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  • Samuel at Gilgal

    This year I will be sharing brief excerpts from the articles, sermons, and books I am currently reading. My posts will not follow a regular schedule but will be published as I find well-written thoughts that should be of interest to maturing Christian readers. Whenever possible, I encourage you to go to the source and read the complete work of the author.

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Christ in the Seat of Cosmic Authority

R.C. Sproul:

“It is a profound political reality that Christ now occupies the supreme seat of cosmic authority. The kings of this world and all secular governments may ignore this reality, but they cannot undo it. The universe is no democracy. It is a monarchy. God himself has appointed his beloved Son as the preeminent King. Jesus does not rule by referendum, but by divine right. In the future every knee will bow before him, either willingly or unwillingly. Those who refuse to do so will have their knees broken with a rod of iron.” (What Is Reformed Theology? Understanding the Basics)

Erastus

Archaeology and the Bible:

Paul’s reference to Erastus as the treasurer of Corinth (Romans 16:23) was thought to be erroneous, but now has been confirmed by a pavement found in 1929 bearing his name.

In the Beginning. . . .

God created all things, the world, and all the creatures that belong to it. He attributes this work to Himself, as one of the particular glories of His Deity, exclusive of all the creatures. “Thus says the LORD, your Redeemer, who formed you from the womb: ‘I am the LORD, who made all things, who alone stretched out the heavens, who spread out the earth by myself. . . .’” (Isaiah 44:24 ESV) Thomas Boston writes:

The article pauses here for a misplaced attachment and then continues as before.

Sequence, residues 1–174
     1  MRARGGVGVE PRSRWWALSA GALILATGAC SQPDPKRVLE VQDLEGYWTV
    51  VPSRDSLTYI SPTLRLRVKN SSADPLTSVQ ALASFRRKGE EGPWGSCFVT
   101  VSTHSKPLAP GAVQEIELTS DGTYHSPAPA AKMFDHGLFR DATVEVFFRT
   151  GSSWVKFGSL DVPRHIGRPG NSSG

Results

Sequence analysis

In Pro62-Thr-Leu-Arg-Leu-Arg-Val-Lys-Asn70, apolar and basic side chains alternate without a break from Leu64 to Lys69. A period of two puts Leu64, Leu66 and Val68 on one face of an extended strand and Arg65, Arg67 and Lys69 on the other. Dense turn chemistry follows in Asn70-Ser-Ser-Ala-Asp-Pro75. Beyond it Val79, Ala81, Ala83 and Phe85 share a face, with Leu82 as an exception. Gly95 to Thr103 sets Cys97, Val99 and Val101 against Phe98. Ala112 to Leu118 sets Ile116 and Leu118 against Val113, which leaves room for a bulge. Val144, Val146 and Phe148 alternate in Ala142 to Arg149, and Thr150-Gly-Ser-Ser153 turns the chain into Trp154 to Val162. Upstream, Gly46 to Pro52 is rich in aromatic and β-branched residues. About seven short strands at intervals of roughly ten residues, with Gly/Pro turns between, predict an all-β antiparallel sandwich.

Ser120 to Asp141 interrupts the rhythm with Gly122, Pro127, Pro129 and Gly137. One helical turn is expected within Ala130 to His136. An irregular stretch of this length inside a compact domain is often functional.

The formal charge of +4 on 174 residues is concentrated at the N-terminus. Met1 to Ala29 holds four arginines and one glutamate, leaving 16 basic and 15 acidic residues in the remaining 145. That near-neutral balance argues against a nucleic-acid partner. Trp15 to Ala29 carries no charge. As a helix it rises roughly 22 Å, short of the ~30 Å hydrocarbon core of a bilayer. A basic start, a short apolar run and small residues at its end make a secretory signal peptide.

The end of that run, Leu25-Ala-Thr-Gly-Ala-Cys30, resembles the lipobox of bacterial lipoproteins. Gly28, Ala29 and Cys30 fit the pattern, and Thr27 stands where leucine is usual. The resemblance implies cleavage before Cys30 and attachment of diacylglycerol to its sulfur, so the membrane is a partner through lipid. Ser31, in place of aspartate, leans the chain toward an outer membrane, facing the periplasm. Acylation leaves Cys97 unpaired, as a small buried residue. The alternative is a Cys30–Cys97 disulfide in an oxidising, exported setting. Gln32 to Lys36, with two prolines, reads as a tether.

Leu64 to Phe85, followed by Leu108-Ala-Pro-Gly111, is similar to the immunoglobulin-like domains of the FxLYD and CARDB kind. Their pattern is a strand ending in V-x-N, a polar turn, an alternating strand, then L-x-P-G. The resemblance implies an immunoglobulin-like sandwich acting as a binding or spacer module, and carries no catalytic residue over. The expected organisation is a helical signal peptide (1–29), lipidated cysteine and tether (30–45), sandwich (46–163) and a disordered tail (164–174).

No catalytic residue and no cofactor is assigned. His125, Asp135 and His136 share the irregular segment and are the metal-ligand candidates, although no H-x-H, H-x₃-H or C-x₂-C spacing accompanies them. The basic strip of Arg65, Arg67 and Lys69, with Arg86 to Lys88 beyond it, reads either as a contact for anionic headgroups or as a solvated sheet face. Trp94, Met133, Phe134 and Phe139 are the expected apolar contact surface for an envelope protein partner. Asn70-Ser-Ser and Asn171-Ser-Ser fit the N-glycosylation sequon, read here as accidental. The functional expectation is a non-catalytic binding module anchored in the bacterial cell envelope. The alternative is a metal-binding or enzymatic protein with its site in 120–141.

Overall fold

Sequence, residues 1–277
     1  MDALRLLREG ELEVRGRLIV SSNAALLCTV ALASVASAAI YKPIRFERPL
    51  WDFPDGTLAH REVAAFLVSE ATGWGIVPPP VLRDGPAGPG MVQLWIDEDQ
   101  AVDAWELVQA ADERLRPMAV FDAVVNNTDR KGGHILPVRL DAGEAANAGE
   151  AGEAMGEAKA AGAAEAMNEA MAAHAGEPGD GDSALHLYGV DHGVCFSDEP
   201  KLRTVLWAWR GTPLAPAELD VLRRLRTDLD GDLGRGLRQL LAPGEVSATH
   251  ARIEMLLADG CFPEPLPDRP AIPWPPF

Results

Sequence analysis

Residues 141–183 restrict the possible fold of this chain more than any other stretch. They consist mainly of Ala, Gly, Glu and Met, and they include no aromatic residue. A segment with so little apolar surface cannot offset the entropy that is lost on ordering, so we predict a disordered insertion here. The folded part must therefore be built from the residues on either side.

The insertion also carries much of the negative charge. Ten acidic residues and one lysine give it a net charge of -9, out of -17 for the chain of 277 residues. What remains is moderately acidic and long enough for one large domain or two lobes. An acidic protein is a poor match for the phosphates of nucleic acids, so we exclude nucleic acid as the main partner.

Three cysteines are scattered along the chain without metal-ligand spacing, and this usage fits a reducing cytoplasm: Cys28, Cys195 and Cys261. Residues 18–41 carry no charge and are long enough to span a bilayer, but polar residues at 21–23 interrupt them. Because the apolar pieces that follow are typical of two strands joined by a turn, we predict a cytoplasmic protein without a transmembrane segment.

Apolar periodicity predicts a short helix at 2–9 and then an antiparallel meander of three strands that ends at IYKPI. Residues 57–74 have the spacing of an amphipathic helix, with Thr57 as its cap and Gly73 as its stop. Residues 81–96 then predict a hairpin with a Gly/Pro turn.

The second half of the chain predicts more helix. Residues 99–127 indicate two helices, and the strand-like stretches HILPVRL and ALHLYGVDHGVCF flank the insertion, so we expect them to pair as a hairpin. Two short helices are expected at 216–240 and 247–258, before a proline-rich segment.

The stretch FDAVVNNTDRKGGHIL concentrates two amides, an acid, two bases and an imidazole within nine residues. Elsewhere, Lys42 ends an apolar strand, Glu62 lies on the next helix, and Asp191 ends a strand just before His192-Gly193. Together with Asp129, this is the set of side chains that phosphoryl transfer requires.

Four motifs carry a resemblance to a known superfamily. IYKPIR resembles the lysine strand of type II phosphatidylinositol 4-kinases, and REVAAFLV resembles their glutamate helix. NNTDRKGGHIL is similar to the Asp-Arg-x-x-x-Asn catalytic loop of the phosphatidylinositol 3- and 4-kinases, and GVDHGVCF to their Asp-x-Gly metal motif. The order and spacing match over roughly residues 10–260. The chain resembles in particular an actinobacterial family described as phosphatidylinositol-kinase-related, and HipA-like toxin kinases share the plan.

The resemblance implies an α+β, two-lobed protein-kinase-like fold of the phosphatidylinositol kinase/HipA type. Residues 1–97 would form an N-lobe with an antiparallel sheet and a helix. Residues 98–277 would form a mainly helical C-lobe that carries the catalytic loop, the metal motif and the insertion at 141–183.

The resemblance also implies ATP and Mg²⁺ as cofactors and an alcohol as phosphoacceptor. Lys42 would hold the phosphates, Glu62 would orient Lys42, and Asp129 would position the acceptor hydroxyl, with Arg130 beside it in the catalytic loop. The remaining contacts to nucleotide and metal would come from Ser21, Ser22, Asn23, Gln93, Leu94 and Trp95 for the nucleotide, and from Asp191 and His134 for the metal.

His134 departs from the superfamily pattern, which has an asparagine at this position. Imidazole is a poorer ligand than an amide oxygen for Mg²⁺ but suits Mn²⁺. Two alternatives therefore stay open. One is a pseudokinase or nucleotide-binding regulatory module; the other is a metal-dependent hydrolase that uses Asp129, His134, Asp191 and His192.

The world could not make itself; for that would imply a horrible contradiction, namely, that the world was before it was; for the cause must always be before its effect. That which is not in being can have no production; for nothing can act before it exists. As nothing has no existence, so it has no operation. There must therefore be something which has existence in itself, to give a being to those things that are; and every second cause must be an effect of some other before it is a cause. To be and not to be at the same time is a manifest contradiction, which would infallibly take place if any thing made itself. That which makes is always before that which is made, as is obvious to the most illiterate peasant. If the world were a creator, it must be before itself as a created thing.

The production of the world could not be by chance. It was indeed the extravagant fancy of some ancient philosophers that the origin of the world was from a fortuitous concourse of atoms, which were in perpetual motion in an immense space, till at last a sufficient number of them met in such a happy conjunction as formed the universe in the beautiful order in which we now behold it. But it is amazingly strange how such a wild opinion, which can never be reconciled with reason, could ever find any entertainment in a human mind. Can any man rationally conceive, that a confused jumble of atoms, of diverse natures and forms, and some so far distant from others, should ever meet in such a fortunate manner, as to form an entire world, so vast in extent, so distinct in the order, so united in the diversities of natures, so regular in the variety of changes, and so beautiful in the whole composure? Such an extravagant fancy as this can only possess the thoughts of a disordered brain. (“God Alone Created the World”)

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